“He knows everything there is to know about the day-to-day operations.” Wise says.
Following the path a patient takes as she enters the center, is examined, treated and then exits, Allen explains the seamless flow — being careful not to incorporate patients exiting through the entrance. Patient privacy and comfort needs were the creative thinking behind the design.
“(In) the other offices, it was very difficult for confidentiality,” Allen says, pointing to several individual stations with computers. Three private rooms sit at the head of the stations, taking into account the family dynamic of being diagnosed with cancer.
“Sometimes they’ve just had a bad day and need privacy, or family members may be with them,” Allen says. He walks through several winding hallways into open rooms with multiple recliners, with patients hooked to IVs, facing widows looking out onto what will be landscaped into a manicured garden.
Another hallway leads to an alcove with a round table surrounded by windows and a flatscreen TV facing it. This area is used for family conferences, cancer programs such as Look Good Feel Good, and other group sessions the center may hold.
Upon completing the patient path, Stacy Allen opens a sliding glass window. She has been with CCC since 1997, and says the new design has improved not only the atmosphere but efficiency of daily duties.
“It’s made a big, positive difference. I’m not trying to answer phones while I’m working on new patient records, everyone is much more focused,” Lane says.
Although the center is under the Central Kentucky Cancer Center umbrella, as Wise puts it, the staff likes the perception of it being all one entity.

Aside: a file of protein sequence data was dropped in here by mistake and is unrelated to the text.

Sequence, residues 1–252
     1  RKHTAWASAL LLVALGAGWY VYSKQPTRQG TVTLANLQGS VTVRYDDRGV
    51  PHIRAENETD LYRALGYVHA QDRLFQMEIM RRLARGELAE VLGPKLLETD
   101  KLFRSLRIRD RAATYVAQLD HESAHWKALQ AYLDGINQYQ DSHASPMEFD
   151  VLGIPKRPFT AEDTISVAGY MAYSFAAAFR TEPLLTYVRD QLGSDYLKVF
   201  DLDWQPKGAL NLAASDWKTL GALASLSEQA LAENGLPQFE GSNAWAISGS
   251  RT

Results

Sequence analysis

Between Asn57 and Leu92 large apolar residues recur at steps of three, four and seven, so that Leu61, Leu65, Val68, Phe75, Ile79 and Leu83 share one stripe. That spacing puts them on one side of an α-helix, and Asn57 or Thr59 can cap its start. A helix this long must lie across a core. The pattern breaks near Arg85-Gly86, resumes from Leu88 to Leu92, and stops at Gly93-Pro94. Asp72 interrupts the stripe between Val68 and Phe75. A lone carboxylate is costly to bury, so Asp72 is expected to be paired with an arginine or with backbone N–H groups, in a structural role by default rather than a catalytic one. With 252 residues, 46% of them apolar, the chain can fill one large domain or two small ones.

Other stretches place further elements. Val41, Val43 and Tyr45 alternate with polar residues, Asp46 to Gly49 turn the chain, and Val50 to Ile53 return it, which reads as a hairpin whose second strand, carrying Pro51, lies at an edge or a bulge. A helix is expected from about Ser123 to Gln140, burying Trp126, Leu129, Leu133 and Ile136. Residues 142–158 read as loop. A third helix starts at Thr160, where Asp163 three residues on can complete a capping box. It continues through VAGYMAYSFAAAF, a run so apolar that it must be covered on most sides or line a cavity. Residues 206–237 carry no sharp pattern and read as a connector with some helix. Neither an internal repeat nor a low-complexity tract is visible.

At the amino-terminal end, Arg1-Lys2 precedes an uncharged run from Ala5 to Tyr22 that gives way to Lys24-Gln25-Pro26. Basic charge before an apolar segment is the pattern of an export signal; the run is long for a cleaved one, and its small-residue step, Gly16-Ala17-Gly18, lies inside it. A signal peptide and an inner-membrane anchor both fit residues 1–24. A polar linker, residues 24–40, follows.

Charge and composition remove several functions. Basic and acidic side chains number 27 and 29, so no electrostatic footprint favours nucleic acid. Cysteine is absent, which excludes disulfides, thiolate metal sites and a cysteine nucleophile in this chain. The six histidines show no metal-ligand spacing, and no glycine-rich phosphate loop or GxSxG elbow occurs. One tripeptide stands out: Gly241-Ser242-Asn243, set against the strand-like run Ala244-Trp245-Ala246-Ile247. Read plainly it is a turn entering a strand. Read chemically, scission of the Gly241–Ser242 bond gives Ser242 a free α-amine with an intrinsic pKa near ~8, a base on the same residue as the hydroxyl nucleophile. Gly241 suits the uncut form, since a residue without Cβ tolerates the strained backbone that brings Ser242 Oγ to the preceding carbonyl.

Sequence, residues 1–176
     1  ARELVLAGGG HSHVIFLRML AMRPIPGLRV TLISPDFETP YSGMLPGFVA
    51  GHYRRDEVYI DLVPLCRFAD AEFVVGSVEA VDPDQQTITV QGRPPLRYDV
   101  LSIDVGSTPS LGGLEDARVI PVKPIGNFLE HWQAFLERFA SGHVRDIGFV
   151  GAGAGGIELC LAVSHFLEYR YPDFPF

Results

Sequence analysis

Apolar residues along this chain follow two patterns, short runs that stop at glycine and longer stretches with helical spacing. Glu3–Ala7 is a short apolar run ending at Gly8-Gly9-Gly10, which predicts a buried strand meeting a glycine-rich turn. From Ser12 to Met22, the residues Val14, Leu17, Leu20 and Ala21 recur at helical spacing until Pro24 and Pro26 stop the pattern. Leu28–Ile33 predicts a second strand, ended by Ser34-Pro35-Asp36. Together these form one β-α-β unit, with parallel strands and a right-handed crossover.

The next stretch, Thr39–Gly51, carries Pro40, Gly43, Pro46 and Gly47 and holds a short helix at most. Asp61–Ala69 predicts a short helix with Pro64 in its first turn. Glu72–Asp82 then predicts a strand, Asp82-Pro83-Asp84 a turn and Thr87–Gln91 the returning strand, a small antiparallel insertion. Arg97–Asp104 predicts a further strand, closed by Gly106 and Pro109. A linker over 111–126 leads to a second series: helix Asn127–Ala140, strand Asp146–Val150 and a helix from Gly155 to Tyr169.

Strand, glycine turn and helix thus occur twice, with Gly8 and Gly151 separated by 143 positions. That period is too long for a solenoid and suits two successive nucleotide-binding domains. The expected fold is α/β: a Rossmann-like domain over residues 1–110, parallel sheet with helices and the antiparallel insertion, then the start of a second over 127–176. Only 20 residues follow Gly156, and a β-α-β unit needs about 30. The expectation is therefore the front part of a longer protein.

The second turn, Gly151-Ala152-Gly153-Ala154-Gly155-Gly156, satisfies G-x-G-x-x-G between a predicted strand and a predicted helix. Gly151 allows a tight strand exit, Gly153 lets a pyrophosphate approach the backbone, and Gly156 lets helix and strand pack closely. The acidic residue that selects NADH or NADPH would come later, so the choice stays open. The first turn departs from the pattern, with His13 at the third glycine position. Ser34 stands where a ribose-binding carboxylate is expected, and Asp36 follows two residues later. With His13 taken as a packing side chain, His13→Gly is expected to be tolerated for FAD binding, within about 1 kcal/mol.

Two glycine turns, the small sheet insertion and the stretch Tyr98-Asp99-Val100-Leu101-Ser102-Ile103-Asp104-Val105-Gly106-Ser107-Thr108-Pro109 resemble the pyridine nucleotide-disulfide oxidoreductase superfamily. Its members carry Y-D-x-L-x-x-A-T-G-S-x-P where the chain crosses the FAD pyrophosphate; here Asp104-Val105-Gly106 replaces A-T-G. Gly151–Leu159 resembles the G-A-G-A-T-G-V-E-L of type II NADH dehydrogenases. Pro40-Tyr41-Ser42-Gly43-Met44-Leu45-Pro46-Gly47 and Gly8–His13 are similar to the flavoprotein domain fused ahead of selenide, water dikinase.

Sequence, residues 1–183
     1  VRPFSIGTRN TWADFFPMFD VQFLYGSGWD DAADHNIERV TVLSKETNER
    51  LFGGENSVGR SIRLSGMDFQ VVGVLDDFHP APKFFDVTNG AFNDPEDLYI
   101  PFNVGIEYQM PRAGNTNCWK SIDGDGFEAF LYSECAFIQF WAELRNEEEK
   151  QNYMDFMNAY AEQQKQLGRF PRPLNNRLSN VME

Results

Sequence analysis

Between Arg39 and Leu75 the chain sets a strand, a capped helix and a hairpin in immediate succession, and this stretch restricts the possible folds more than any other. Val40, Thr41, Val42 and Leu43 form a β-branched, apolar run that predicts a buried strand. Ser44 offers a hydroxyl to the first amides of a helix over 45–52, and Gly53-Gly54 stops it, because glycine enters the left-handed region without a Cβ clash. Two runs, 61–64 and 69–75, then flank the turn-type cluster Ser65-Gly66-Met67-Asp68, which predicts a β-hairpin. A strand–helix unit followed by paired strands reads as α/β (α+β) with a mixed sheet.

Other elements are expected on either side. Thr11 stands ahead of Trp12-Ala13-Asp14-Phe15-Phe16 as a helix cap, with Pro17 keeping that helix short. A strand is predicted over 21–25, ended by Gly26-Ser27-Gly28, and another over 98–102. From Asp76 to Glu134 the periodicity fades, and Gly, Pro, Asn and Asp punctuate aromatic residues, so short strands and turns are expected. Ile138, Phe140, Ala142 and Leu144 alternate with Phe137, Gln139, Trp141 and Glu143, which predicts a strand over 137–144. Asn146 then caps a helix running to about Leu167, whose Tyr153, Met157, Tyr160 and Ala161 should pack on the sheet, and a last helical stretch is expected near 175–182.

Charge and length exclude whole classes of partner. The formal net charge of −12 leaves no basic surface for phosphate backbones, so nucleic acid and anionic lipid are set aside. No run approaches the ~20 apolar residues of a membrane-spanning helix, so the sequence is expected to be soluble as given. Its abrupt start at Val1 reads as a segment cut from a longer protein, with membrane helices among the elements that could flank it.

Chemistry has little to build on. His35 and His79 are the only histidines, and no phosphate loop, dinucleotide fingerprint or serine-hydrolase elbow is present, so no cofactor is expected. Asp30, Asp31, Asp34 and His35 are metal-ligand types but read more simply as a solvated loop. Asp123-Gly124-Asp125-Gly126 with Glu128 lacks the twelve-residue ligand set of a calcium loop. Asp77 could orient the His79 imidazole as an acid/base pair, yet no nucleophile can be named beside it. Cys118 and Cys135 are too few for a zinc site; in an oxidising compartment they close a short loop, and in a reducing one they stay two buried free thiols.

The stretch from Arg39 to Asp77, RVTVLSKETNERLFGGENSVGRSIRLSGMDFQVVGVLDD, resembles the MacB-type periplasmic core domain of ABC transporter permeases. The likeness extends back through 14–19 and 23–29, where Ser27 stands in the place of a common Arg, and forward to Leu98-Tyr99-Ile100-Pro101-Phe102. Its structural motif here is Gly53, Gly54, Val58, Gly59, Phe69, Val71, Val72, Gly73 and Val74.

“It’s a concept of one-stop treatment, with CKCC, CCC, 21st Century Radiation Oncology, UK HealthCare and Ephraim McDowell Cancer Support Center,” she says. The 21st Century side of the building has not been completely moved into yet, but Wise says the equipment is truly state of the art in every sense.
“This facility and its resources tops universities in what they can do,” Wise says, standing beside the 6-foot radiation chamber. Dr. Greg Carlson and his partners will soon occupy the space, which houses therapeutic radiation services.
“When Mark (Allen) and Dr. Baeker were conceptualizing the idea, it was with the thought everyone should have accessibility to it,” Wise says. “Although there are many partners here, we want this to be perceived as one big provider. That’s how we work.”
Allen stops to hug an attractive, white-haired woman sitting with an oxygen tank hooked to a tube leading to her nose. He tells her how beautifully her hair has grown back in; she beams and runs her fingers through it.
“I like working with patients,” Allen says. Although Allen is the practice administrator, a licensed nurse with a bachelors in nursing science and an oncology specialized nurse, he says he spent the morning working with IVs. “I do rounding with the doctors, sort of a liaison between doctor and patient, helping explain in more layman’s terms what is going on. I really enjoy that aspect of my job.”
Although the job is enjoyable, Allen admits — sometimes the subject matter of life and death can be hard to swallow.
“But that’s why we love it so much here (in the new building). This environment can make difficult situations easier. There’s more quiet space, more thoughtful space. Sometimes when all the cards are dealt, it’s not the greatest hand. But we now have more space to deal with that in.”